Christine Strelan - Between the Covers

Gentlemen of the Road

Michael Chabon

Sceptre 2007

Are you a fan of Michael Palins Ripping Yarns? Is a 10th viewing of Raiders of the Lost Ark your idea of a spiffing good time? Did you grow up on those archaic adventure books, with stiff, furry pages, graphic illustrations and peeling gold bits imprinted on the covers? If you answered yes to any of these questions, then Michael Chabons new novel is for you.

Set in the Caucasus mountains around 950 AD, it stars two itinerant rogues, the titular gentlemen of the road. Zelikman and Amran are small-time fraudsters, drifting around ancient Khazaria and living by their wits. They bicker constantly, like cops in a buddy movie, but will defend each other to the death, should any bad-ass mean guys make the mistake of tangling with either. Amran is a giant African whose huge axe is named Mother-Defiler, its haft an orgy of interpenetrating runes, the quarter-moon of its blade glowing cold, as if with satisfied recollection of all the heads it had ever lopped from spouting necks. Zelikman is from the misty kingdom of the Franks, and would rather heal wounds than inflict them, but hes a handy man in a fight.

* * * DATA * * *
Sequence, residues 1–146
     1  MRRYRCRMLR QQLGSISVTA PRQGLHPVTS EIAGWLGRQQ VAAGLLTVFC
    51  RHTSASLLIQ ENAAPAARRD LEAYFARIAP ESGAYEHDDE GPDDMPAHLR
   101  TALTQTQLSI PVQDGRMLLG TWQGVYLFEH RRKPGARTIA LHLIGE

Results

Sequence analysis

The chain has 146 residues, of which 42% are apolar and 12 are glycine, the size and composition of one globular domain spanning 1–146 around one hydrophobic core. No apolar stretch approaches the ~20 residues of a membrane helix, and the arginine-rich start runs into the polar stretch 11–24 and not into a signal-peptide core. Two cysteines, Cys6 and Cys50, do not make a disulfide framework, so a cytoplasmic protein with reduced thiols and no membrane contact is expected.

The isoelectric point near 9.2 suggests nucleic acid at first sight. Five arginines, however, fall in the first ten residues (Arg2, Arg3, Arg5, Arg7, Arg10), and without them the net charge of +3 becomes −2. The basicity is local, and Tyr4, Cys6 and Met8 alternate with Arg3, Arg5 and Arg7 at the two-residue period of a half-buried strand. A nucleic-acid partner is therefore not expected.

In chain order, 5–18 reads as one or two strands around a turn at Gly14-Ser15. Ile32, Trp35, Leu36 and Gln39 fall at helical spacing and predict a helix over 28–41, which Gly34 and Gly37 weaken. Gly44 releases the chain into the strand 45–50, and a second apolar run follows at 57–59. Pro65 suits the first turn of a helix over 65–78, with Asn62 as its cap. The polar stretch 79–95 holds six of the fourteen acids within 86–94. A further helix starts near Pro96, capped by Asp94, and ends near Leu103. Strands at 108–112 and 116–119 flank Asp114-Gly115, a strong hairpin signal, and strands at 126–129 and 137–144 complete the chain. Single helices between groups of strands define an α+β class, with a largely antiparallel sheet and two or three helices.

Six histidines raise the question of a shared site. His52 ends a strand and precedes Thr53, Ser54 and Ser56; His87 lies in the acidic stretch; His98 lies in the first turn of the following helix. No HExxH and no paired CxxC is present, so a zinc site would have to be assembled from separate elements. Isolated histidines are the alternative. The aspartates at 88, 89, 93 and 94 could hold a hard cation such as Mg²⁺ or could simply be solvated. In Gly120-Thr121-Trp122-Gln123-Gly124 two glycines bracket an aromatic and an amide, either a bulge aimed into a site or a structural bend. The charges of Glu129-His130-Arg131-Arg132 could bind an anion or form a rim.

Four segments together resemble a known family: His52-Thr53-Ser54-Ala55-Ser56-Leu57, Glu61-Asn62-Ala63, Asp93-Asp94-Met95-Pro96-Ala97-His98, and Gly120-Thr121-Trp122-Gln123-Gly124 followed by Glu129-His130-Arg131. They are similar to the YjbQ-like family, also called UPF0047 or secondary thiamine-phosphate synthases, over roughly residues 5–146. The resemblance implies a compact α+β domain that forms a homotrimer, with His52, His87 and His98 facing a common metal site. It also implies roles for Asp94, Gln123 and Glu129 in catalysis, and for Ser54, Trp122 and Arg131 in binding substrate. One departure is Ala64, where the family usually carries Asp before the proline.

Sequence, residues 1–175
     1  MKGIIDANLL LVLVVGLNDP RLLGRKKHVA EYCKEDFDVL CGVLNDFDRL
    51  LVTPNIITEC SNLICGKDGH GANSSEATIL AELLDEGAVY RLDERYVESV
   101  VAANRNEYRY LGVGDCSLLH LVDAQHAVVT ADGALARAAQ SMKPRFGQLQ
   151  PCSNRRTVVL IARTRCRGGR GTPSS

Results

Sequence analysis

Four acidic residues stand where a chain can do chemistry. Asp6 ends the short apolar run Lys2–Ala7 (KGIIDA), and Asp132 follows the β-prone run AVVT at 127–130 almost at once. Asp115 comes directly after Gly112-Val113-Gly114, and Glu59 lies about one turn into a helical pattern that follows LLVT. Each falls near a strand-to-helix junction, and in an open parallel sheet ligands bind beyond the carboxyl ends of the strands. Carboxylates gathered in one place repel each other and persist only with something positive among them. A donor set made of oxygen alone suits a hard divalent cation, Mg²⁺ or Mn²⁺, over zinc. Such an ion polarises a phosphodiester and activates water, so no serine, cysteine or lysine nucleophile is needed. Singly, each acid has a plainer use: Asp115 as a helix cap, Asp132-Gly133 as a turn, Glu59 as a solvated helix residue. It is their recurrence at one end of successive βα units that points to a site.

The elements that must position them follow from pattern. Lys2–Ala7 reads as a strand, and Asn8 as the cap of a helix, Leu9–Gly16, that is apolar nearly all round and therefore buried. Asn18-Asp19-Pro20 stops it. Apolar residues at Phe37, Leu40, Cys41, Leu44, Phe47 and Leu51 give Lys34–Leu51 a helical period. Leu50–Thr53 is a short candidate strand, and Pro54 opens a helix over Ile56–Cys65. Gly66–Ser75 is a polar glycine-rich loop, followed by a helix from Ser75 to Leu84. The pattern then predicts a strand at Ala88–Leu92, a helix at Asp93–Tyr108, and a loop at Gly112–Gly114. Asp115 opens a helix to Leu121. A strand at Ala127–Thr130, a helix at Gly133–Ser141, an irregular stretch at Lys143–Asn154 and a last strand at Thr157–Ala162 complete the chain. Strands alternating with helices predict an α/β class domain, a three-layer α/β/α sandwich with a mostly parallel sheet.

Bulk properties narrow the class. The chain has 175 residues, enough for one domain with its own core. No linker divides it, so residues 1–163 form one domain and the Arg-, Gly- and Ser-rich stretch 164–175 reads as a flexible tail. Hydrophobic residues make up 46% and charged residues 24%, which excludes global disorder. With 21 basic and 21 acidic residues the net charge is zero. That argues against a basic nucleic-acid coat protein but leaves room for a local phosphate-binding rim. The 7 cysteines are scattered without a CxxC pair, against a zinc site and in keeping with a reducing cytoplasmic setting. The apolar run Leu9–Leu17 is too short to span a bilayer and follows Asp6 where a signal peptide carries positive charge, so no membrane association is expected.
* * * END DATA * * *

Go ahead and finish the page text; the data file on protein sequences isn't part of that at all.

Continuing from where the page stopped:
The story is non-stop action, with insurgent armies, bandits, treasure, wild landscapes, exotic cities, fabulous weapons, elephants, and of course the compulsory interlude with golden-hearted sex workers, who lounge on silk cushions and dress like belly dancers. Tomboys like me will thrill to the inclusion of our favourite motif: the girl-dressed-as-a-boy character.

Chabon has mastered the wordy, descriptive style of the original stories. His usual wit creeps in often, but this is not a tongue-in-cheek pastiche. He really believes in his tale, and has some timely points to make about politics and religion. As Zelikman says, I want nothing to do with soldiers, armies, chains of command. All the evil in the world derives from the actions of men acting in a mass against other masses of men.

Most impressive of all is the five-star presentation. Gentlemen of the Road is a convincing facsimile of those old rip-roaring Boys Own novels, and even includes illustrations typical of the genre. A must for armchair adventurers, and anyone who loves real, beautifully constructed books.

Books reviewed are available at The Book Warehouse in Keen Street, Lismore, and at Lismore Square.

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